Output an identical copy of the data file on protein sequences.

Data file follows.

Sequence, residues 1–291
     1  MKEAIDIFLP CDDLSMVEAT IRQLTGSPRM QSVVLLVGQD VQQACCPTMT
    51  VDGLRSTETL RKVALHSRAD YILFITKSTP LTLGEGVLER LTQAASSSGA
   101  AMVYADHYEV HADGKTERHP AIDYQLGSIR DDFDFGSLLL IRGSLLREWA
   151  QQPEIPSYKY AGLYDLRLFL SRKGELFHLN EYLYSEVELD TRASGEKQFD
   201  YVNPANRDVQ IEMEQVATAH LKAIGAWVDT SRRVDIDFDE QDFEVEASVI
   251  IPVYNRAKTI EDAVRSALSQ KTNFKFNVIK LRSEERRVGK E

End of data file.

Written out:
Sequence, residues 1–291
     1  MKEAIDIFLP CDDLSMVEAT IRQLTGSPRM QSVVLLVGQD VQQACCPTMT
    51  VDGLRSTETL RKVALHSRAD YILFITKSTP LTLGEGVLER LTQAASSSGA
   101  AMVYADHYEV HADGKTERHP AIDYQLGSIR DDFDFGSLLL IRGSLLREWA
   151  QQPEIPSYKY AGLYDLRLFL SRKGELFHLN EYLYSEVELD TRASGEKQFD
   201  YVNPANRDVQ IEMEQVATAH LKAIGAWVDT SRRVDIDFDE QDFEVEASVI
   251  IPVYNRAKTI EDAVRSALSQ KTNFKFNVIK LRSEERRVGK E